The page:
Gene Siskel, Chicago Tribune[5]

The film was a financial success, grossing $71.6 million[3] compared to the relatively frugal budget of the film's production. It was Disney's highest-grossing film (excluding reissues).[6] Ruthless People received critical acclaim, and holds a 93% rating on review aggregator Rotten Tomatoes based on 42 reviews. The consensus on the site reads: "It's sometimes crude and tasteless, but Ruthless People wrings acid-soaked laughs out of its dark premise and gleefully misanthropic characters."[7] On Metacritic the film has a score of 78% based on reviews from 15 critics.[8] Audiences polled by CinemaScore gave the film an average grade of "A-" on an A+ to F scale.[9]

Roger Ebert said that the film "is made out of good performances, a script of diabolical ingenuity, and a whole lot of silliness."[10] Leonard Maltin agreed that this "clever farce" has "lots of laughs, bright performances, but turns sour: these really are unpleasant people!"[11]

Although it has been perceived that Ruthless People was influenced by O. Henry's story "The Ransom of Red Chief", writer Dale Launer claims that it was inspired by the kidnapping of Patricia Hearst and that the similarities between the film and the earlier story were a coincidence.[12]

Soundtrack[edit]

Ruthless People
Soundtrack album by
Various Artists
Released1986 (1986)
Recorded1986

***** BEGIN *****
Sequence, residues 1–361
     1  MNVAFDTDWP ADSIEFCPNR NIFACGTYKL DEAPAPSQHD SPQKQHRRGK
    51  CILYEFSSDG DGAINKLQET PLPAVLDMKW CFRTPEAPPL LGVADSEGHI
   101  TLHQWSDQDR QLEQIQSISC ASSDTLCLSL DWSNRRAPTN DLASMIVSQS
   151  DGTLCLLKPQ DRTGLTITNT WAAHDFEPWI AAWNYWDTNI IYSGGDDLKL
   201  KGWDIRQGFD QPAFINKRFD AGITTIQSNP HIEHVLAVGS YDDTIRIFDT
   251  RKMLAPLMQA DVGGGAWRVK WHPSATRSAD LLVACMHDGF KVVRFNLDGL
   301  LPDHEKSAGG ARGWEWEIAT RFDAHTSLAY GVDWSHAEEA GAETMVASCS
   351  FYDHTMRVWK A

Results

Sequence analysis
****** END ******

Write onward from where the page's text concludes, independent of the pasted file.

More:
GenreSoundtrack
LabelEpic

The album's soundtrack was released on Epic Records.

The cd release on the song Waiting To See You by Dan Hartman is missing the first several drum bars. The vinyl lp and cassette does not have these first several drum bars missing. The soundtrack version of "Ruthless People" is similar to the version heard in the film, including both an extended intro and a second verse edited out of the single version.

Track list[edit]

  1. "Ruthless People" – Mick Jagger
  2. "Give Me the Reason" – Luther Vandross
  3. "Modern Woman" – Billy Joel
  4. "Wherever I Lay My Hat (That's My Home)" – Paul Young
  5. "No Say In It" – Machinations
  6. "Waiting to See You" – Dan Hartman
  7. "Dance Champion" – Kool and The Gang
  8. "Neighborhood Watch" – Michel Colombier
  9. "Stand on It" – Bruce Springsteen
  10. "Don't You Want My Love" – Nicole McCloud

Charts[edit]

Chart (1986) Peak
position
Australia (Kent Music Report)[13] 78

See also[edit]

Video-x-generic.svg Film portal

References[edit]

  1. ^ "Ruthless People". PowerGrid. The Wrap. Archived from the original on 20 December 2016. Retrieved April 4, 2013.
  2. ^ Ruthless People at the American Film Institute Catalog
  3. ^ a b Ruthless People at Box Office Mojo
  4. ^ a b Ryan, Desmond (3 July 1986). "Directing triumverate shares triumph of 'Ruthless People'". Chicago Tribune. p. N_AO.
  5. ^ Siskel, Gene (August 8, 1986). "Flick Of Week: 'Vagabond' One Of Finest Films In Years". Chicago Tribune.
  6. ^ "'3 Men' Tops At Disney". Variety. January 13, 1988. p. 4.
  7. ^ "Ruthless People (1986)". Rotten Tomatoes. Retrieved April 20, 2021.
  8. ^ "Ruthless People". Metacritic. Retrieved 2021-01-01.
  9. ^ "Cinemascore :: Movie Title Search". 2018-12-20. Archived from the original on 2018-12-20. Retrieved 2020-07-27.
  10. ^ Ebert, Roger (June 27, 1986). "RUTHLESS PEOPLE". Chicago Sun-Times. Retrieved 2012-06-07.[dead link]
  11. ^ Maltin, Leonard (2008). Leonard Maltin's 2009 Movie Guide. Penguin. p. 1186. ISBN 978-0-452-28978-9. Retrieved April 21, 2020.
  12. ^ Van Gelder, Lawrence (July 17, 1986). "Hearst Case Inspiration For 'Ruthless.'" Chicago Tribune.
  13. ^ Kent, David (1993). Australian Chart Book 1970–1992 (illustrated ed.). St Ives, N.S.W.: Australian Chart Book. p. 284. ISBN 0-646-11917-6.

External links[edit]